South Australia's anti-corruption watchdog has launched a probe into one of the state's leading health agencies.
The Independent Commission Against Corruption (ICAC) will formally evaluate the way the Central Adelaide Local Health Network (CALHN) manages and responds to complaints made against it.
CAHLN is a division of SA Health and is responsible for sites including the Royal Adelaide Hospital, Queen Elizabeth Hospital, Hampstead Rehabilitation Centre and mental health services at Glenside.
A 2019 report by former ICAC boss Bruce Lander found cultural issues, poor records management, bullying, and conflicts of interest within SA Health.
But ICAC deputy commissioner Paul Alsbury said he was not responding to any specific claim against CALHN, and instead would consider the network's practices and policies around complaints made against it and its staff.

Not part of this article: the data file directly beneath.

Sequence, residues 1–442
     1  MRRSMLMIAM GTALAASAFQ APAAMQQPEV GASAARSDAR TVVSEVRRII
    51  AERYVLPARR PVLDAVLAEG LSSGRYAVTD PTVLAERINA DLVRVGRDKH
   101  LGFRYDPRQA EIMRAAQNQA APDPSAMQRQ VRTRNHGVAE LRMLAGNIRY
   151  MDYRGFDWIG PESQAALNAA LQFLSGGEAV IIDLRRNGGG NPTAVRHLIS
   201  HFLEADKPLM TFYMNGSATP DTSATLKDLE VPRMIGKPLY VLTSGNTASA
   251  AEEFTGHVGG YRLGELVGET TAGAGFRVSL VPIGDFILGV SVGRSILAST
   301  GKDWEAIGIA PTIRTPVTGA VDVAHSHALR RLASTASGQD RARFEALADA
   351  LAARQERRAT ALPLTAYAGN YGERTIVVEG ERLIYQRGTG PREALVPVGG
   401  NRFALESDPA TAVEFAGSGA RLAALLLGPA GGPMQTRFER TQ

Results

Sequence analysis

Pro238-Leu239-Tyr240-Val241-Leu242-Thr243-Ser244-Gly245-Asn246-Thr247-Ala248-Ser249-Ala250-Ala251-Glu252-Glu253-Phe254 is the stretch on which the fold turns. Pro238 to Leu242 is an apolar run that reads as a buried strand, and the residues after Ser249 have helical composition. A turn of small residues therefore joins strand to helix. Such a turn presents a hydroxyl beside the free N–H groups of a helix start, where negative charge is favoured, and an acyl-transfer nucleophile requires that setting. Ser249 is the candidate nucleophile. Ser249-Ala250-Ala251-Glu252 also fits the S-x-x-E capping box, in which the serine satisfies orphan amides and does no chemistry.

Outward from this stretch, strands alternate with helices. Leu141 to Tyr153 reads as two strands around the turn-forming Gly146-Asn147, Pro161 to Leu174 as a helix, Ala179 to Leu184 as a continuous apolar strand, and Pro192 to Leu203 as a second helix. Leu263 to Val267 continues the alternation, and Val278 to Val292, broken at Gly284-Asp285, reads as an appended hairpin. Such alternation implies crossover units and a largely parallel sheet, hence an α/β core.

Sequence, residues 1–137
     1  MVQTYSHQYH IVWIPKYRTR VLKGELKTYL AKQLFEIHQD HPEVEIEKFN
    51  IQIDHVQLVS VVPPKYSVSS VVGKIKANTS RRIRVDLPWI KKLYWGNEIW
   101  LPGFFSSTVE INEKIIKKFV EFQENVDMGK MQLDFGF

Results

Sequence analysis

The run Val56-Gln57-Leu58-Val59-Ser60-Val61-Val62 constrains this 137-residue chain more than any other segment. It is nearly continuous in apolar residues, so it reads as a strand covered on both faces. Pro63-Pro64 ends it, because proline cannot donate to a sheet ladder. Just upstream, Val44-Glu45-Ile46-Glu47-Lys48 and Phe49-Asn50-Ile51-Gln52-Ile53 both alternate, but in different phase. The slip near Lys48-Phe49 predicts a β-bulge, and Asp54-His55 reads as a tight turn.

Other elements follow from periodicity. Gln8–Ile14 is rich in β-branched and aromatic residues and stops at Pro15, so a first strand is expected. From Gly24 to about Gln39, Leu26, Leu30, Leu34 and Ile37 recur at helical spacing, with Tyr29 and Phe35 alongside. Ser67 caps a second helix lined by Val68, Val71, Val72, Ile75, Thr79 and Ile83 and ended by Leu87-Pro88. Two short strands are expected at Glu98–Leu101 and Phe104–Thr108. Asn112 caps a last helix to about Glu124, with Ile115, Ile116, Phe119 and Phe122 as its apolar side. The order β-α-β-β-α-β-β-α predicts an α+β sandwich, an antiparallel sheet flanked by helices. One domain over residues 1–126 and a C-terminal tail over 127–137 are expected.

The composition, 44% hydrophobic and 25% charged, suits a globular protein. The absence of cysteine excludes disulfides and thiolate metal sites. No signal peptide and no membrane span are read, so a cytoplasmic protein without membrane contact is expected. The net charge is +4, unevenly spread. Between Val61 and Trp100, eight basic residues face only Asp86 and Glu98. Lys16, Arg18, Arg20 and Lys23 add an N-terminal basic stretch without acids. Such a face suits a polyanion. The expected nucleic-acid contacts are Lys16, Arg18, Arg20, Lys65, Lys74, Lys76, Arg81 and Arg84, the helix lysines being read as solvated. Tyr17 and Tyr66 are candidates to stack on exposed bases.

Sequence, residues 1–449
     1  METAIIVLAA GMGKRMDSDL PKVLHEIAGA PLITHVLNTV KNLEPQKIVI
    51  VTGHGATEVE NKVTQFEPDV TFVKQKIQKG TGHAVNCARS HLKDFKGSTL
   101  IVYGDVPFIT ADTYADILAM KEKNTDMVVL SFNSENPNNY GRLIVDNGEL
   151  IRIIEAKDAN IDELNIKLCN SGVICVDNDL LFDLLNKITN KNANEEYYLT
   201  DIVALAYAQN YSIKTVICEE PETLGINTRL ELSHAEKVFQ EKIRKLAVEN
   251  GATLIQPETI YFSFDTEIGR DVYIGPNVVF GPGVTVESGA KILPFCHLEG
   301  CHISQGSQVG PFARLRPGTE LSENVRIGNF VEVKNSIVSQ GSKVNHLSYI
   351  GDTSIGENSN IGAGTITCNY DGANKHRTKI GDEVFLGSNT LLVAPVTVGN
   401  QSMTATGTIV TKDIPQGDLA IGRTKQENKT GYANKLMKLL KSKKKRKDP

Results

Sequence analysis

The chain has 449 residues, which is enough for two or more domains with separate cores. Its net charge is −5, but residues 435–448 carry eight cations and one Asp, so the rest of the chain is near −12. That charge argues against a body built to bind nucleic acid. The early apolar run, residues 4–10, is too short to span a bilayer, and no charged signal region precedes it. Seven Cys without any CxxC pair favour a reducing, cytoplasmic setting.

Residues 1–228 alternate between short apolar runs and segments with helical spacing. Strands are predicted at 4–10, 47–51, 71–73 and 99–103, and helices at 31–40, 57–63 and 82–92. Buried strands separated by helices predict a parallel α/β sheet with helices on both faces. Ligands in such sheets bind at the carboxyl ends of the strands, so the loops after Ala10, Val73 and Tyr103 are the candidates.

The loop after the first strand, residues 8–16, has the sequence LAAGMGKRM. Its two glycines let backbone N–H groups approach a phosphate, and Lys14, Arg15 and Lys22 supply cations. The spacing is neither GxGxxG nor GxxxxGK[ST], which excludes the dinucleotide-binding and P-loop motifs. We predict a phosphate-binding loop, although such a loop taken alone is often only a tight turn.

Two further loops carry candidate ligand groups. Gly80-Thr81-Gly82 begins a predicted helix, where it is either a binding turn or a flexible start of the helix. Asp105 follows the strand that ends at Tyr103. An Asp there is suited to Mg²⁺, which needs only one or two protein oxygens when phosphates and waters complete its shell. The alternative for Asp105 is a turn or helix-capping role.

"Rather, an evaluation allows the commission to examine a public authority's practices, policies and procedures, highlighting those which properly safeguard against corruption and identifying any weaknesses or opportunities for improvement."
Mr Alsbury said specific areas for evaluation would include the "management, investigation and outcomes of complaints".
Terms of reference include the extent to which CALHN's "systems and culture encourage reporting of wrongdoing".
In a statement, CAHLN said it had already "undergone immense changes to improve" its governance and had sought to "create a culture of integrity and safety".
It said it wanted its staff to participate in the evaluation.
"While we are heading in the right direction, we acknowledge that we still have more work to do to improve our network, and we encourage staff to participate and provide feedback in support [of] the commission's evaluation," it said.
SA Health Minister Chris Picton said he welcomed the evaluation, describing it as a "timely" opportunity to examine CALHN's practices weeks after a change of government.
"South Australians elected a new government five weeks ago to improve the health system, ensure patients get access to care, and support our health care workers," he said.
"The evaluation will provide an important assessment of what is happening in the policies and procedures of the system and help the government to improve delivery of health services."